It sometimes happens that a promisor engages to pay the debt of another and also render some performance which is not within the Statute of Frauds. In such a case the problem is presented of how far the Statute of Frauds affects the whole undertaking. As stated in the following section, there are certain cases where the promise to pay the debt of another is wholly subordinate to other undertakings which form the main object of the contract, and where in consequence an exception has been made judicially to the Statute of Frauds; and in some jurisdictions apart from such a doctrine, an oral promise in consideration of goods or services presently furnished which includes an undertaking not only to pay for those goods, but also to pay for goods or services previously furnished to another and for which he is still indebted is enforced for the full amount.79 Such decisions, however, seem indefensible on principle since they clearly allow the enforcement of a promise to answer for the debt of another, and the consideration received is the equivalent only for part of the agreed price. As to the goods or services previously furnished, the promisor is merely a surety. Decisions of at least equal weight uphold this view.80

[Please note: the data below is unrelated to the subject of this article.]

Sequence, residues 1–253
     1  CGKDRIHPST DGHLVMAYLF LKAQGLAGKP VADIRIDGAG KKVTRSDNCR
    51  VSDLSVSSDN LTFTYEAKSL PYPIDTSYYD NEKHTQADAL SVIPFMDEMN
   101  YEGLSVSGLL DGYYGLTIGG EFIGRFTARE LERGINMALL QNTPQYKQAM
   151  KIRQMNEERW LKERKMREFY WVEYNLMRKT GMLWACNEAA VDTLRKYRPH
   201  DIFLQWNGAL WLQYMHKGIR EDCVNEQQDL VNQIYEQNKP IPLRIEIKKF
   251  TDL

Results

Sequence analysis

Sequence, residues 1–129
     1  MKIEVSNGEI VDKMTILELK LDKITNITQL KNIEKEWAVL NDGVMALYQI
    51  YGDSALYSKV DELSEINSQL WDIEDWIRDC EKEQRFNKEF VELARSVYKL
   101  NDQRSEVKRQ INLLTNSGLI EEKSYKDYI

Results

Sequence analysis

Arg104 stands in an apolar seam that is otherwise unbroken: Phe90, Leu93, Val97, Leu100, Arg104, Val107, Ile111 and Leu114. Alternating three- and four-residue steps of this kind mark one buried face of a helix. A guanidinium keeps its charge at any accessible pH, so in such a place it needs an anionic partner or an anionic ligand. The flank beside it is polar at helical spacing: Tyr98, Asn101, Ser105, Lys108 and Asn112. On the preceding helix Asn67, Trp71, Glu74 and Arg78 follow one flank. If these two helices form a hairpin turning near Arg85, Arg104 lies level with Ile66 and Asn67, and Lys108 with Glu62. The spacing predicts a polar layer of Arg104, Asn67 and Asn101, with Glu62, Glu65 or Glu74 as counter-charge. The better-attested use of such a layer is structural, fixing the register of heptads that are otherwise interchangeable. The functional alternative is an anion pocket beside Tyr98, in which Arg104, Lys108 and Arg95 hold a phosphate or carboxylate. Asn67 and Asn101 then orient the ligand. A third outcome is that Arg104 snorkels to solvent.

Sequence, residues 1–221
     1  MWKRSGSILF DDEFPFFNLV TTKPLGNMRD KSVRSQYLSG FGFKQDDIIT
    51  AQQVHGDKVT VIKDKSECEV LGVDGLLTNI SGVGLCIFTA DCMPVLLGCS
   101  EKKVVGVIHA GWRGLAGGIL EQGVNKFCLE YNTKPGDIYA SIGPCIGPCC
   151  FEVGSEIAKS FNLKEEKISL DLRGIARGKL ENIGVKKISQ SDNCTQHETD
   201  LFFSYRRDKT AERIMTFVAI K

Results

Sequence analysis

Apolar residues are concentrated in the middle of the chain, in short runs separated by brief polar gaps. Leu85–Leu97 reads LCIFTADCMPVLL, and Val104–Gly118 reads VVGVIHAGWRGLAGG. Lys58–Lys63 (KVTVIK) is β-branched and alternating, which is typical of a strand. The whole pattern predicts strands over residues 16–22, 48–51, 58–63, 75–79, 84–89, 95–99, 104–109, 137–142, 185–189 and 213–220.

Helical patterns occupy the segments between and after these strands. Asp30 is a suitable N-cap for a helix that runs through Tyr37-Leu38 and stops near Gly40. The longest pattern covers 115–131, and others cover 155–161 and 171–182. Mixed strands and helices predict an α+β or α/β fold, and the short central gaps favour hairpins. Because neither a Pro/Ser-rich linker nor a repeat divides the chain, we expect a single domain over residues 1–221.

77 In such a case the promise seems clearly within the statute. See supra,